2.11 As part of its initial submission to the inquiry, the AEC compiled a list of all possible cases of enrolment fraud it has on record for the decade 1990- 2000. This list comprises 71 cases in total. Almost three-quarters of the cases came from NSW (47 cases), while there were 18 cases in Queensland, five in Victoria, three in the Northern Territory, three in Western Australia, and one in South Australia.11 The AEC advised that the 71 cases of possible enrolment fraud were drawn to the attention of the AEC in the following ways:
— AEC roll review procedures, including Continuous Roll Updating (CRU) (35 cases);
— information provided by the public (15 cases);
— information provided by Members of Parliament (10 cases);
— information provided by other government agencies investigating other offences (eight cases); and
— information from press reports (three cases).12
2.12 According to the AEC, the majority of cases it detected appear to have been for the purposes of:
— identity fraud on the Commonwealth Electoral Roll for criminal purposes, or to test the system;
10 Commonwealth Law Enforcement Board. 1994. Best practice for fraud control: Fraud control policy of the Commonwealth: Incorporating an Interim Ministerial Direction on fraud control. Canberra, AGPS, p 3. 11 Submissions pp S974-S980 (AEC). 12 Submissions p S883 (AEC).
MANAGING THE ROLL 16
— enrolment forgery for the purposes of party preselection ballots and local council elections; and
— false enrolments transferring the principal place of residence intended to affect results at local council elections and federal elections.13
However, the AEC did not provide details of the numbers in each category.
2.13 The AEC suggested that most cases of enrolment fraud are in support of 'criminal or nefarious intentions such as under-age entry to licensed premises, immigration fraud, or social security fraud, or to "test the system" ' 14 , rather than attempts to affect federal election results.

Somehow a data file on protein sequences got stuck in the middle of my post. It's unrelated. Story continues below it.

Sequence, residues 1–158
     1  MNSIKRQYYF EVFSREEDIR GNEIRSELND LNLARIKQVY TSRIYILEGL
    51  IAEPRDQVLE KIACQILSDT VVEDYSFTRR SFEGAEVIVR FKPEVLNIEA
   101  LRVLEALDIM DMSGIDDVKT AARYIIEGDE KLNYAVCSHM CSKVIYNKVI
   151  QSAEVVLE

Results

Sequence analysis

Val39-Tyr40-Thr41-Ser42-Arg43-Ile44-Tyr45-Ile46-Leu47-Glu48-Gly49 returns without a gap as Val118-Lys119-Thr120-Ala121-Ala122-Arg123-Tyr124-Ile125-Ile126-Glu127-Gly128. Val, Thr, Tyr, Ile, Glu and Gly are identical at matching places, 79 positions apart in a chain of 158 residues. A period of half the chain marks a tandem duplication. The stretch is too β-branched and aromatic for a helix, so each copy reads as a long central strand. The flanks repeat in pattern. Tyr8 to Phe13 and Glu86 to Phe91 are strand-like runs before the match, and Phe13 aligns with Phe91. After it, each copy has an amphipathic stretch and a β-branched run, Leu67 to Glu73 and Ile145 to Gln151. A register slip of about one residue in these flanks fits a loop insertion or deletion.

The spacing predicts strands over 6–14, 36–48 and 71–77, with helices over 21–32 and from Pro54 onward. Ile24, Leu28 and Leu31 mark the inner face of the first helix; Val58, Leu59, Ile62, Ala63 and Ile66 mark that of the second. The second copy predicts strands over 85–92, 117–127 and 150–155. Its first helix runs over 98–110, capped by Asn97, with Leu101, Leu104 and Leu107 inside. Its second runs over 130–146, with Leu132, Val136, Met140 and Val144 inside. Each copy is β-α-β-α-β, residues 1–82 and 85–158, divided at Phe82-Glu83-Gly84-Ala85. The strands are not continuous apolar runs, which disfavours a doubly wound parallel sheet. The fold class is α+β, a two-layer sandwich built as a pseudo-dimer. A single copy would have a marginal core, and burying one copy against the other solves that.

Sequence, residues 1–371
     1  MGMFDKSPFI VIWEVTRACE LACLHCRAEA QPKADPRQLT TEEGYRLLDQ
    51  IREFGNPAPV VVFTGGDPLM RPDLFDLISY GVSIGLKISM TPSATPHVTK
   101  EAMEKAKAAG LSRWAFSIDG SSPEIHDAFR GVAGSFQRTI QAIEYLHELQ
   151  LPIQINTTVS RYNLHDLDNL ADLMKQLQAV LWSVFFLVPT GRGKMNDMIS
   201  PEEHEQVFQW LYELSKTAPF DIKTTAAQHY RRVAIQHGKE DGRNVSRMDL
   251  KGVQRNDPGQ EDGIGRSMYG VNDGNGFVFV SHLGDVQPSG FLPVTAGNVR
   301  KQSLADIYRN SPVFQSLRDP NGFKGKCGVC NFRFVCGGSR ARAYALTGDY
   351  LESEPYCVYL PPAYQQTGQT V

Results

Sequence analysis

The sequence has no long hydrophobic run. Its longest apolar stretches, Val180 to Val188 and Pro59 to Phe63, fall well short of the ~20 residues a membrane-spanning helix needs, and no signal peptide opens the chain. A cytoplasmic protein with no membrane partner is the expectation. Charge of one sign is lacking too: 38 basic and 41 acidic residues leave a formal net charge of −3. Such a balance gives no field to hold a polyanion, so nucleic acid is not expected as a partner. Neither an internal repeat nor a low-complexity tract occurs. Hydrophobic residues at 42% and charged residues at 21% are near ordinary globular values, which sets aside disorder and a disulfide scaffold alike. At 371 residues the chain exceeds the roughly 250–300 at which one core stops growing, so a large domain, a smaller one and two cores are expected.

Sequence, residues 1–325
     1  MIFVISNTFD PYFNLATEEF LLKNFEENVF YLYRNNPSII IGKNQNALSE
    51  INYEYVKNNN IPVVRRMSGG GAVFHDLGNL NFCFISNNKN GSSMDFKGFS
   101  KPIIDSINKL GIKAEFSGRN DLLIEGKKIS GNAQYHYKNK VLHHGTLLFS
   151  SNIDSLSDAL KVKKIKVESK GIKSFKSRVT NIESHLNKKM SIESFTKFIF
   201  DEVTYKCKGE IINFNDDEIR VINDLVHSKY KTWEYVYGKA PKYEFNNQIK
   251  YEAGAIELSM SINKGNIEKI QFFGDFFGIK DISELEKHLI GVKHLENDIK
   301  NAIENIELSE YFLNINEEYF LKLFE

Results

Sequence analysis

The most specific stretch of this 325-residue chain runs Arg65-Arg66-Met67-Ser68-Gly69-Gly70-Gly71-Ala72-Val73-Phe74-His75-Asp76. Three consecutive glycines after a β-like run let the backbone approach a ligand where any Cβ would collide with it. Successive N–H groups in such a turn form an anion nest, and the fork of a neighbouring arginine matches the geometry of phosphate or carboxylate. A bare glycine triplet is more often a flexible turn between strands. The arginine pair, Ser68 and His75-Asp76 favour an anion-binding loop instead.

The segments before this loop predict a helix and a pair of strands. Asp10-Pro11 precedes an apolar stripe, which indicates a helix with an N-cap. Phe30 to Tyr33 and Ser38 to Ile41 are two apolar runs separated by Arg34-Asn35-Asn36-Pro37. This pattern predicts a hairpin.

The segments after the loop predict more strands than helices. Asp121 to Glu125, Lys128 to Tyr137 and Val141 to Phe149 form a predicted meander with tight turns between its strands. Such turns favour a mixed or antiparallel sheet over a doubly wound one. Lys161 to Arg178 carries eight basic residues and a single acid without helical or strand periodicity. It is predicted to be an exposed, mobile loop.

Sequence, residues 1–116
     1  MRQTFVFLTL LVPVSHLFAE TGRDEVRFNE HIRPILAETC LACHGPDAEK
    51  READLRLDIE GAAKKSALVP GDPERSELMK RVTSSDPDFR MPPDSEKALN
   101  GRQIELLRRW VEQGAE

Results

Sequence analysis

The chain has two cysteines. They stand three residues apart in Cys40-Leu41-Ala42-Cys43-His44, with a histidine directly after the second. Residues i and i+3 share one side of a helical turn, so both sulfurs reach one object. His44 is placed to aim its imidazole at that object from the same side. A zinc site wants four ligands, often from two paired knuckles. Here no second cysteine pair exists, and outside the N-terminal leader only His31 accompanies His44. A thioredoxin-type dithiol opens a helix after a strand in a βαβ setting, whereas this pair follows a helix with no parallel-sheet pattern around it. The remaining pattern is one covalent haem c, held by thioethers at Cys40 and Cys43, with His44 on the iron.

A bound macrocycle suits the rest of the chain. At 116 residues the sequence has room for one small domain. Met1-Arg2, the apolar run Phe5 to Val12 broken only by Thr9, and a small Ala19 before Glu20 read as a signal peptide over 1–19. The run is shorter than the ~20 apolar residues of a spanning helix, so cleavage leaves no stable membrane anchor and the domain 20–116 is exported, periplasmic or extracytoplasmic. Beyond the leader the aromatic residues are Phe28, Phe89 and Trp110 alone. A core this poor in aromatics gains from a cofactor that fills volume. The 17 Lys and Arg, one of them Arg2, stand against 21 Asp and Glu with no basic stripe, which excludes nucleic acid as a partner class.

2.14 From these statistics, the AEC estimates that on average there is about one fraudulent enrolment for every 200,000 enrolments.15 The AEC concedes that there will always be a few cases of fraud that it cannot detect through its own procedures, particularly cases of identity fraud.16
2.15 The Shepherdson Inquiry report was able to identify within the terms of reference of that inquiry a series of cases of enrolment fraud, namely:
— Townsville in 1996;
— Mundingburra in 1996;
— East Brisbane in 1993;
— South Brisbane in 1986;
— Springwood in 1997;
— East Brisbane in 1996;
— the Budd family enrolments; and
— the Elder family enrolments.17
2.16 The number of false enrolments detected by the Shepherdson Inquiry in each of these cases was not large, ranging from two (Mundingburra in 1996) to about 25 (Townsville in 1996). With the exception of Mundingburra in 1996 and the Budd and Elder family enrolments, all of
13 Submissions p S874 (AEC). 14 Submissions p S833 (AEC). 15 Transcript p 541 (AEC). 16 Submissions p S874 (AEC). 17 Queensland Criminal Justice Commission. April 2001. The Shepherdson Inquiry: An investigation into electoral fraud. pp XIV-XVII. www.cjc.qld.gov.au/shepinquiry/finalreport.pdf.
MANAGING THE ROLL 17
these cases relate to internal party preselection ballots (see chapter 1). The report indicated that:
The information gathered during the inquiry clearly established
that the practice of making consensual false enrolments to bolster
the chances of specific candidates in preselections was regarded by